The Prime Minister : Under the terms of the sessional orders, the Commissioner of Police of the Metropolis is required, during the Session of Parliament, to keep the streets leading to and from the Houses of Parliament free and open. Any proposal to amend the sessional orders would be a matter for this House and another place.
Mr. Byers : To ask the Prime Minister what have been the costs incurred by his office in (a) providing legal advice to witnesses appearing before the Scott inquiry, (b) drawing up evidence to be submitted to the Scott inquiry, (c) officials and legal advisers attending the Scott inquiry and (d) any other related costs.
The Prime Minister [holding answer 6 May 1994] : The costs under (a) to (c) are unquantifiable. No legal or other help was provided from outside the Government. The costs therefore consisted in the time of myself and Sir Robin Butler, who appeared as witnesses, and of the officials who gave support as part of their normal duties. Under (d), the cost of the Cabinet Office liaison unit since December 1992, including the cost of supplying documents from 10 Downing street and the Cabinet Office to the inquiry, has been approximately £230,000.
Mr. Worthington : To ask the Secretary of State for Foreign and Commonwealth Affairs if he will make a statement on the extent of drought problems in Ethiopia ; and what is being done by the Government and the European Union to combat these problems.
Mr. Lennox-Boyd : More than 6 million people are estimated to be at risk from drought. 1994 emergency food aid needs are now estimated at nearly 800,000 tonnes. Since October 1993, Britain has committed 30, 000 tonnes of bilateral food aid to Ethiopia ; 15,000 tonnes has already been delivered and a further 4,000 tonnes will arrive this month. The European Commission has also earmarked 130,000 tonnes ; 50,000 tonnes will arrive this month. My noble Friend the Minister for Overseas Development wrote to major donors in March highlighting Ethiopia's needs and urging an early response.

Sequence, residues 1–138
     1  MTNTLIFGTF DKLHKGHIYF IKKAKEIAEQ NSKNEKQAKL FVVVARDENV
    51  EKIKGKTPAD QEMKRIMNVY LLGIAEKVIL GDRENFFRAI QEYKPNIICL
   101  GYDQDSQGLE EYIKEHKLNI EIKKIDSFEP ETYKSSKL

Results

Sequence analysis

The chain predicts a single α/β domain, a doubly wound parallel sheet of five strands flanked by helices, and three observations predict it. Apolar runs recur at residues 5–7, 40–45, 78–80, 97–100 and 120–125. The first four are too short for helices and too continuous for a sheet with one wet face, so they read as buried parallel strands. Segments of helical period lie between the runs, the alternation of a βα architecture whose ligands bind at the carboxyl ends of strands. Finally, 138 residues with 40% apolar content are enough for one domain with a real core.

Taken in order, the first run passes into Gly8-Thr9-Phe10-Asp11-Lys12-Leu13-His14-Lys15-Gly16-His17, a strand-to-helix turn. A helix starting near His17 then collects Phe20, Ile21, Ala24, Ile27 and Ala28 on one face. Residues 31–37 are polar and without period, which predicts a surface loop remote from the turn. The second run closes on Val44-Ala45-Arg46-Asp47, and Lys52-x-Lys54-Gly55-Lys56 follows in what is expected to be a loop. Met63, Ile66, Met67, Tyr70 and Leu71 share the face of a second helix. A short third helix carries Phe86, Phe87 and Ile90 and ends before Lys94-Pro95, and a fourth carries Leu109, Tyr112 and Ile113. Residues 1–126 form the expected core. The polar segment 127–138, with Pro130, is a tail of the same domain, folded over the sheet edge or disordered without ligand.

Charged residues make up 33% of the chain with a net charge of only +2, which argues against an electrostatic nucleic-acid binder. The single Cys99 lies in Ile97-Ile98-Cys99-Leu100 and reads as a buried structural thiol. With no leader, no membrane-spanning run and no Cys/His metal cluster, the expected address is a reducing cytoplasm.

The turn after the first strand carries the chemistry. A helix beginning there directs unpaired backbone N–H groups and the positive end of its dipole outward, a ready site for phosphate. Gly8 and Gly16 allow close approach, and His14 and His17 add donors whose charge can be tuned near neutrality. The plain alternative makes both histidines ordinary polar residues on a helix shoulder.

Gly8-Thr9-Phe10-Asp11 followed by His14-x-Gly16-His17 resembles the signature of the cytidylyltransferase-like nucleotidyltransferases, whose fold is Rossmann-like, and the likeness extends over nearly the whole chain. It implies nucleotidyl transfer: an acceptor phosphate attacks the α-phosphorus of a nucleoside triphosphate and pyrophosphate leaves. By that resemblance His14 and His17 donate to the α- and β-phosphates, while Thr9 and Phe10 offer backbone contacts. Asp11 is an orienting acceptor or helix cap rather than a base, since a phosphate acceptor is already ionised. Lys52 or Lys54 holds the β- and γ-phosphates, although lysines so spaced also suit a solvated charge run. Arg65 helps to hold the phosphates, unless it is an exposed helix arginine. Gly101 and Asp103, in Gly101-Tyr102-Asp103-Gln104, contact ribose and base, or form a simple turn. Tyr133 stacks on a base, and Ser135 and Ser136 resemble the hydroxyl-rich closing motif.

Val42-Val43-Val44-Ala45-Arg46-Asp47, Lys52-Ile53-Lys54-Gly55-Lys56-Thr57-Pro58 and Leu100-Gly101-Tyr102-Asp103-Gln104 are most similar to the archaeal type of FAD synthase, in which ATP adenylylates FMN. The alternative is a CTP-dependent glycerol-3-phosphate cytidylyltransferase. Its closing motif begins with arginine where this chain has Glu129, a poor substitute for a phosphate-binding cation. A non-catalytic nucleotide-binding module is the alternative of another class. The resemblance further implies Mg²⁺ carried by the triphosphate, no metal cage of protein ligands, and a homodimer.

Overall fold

Mr. Worthington : To ask the Secretary of State for Foreign and Commonwealth Affairs which United Nations or aid organisations are now visiting or operating from Dilling and Kadugli in Sudan ; and what information has been gathered from their work about conditions in the Nuba mountains.
Mr. Lennox-Boyd : The United Nations Children's Fund have established a small base at Kadugli, supplemented by short-term visits. World Food Programme has limited access via El Obeid for its food aid programme. The Food and Agriculture Organisation seeds programme in Kordofan plans to include Kadugli.
The Save the Children Fund (USA), CARE International and FAR--Fellowship for African Relief--have mandates agreed with the Government of Sudan which cover Dillinge and Kadugli but specific projects have yet to be implemented.
A United Nations agencies assessment mission in February reported food aid needs around Kadugli and Dillinge of around 300 tonnes per month for about 25,000 people. Non-food needs included drinking water, supplementary feeding, blankets, medicines and education facilities. A recent nutrition survey of children in the indigenous population and displaced camps indicated worsening levels of malnutrition of up to 19 per cent. UNICEF and WFP are urgently seeking to address these needs.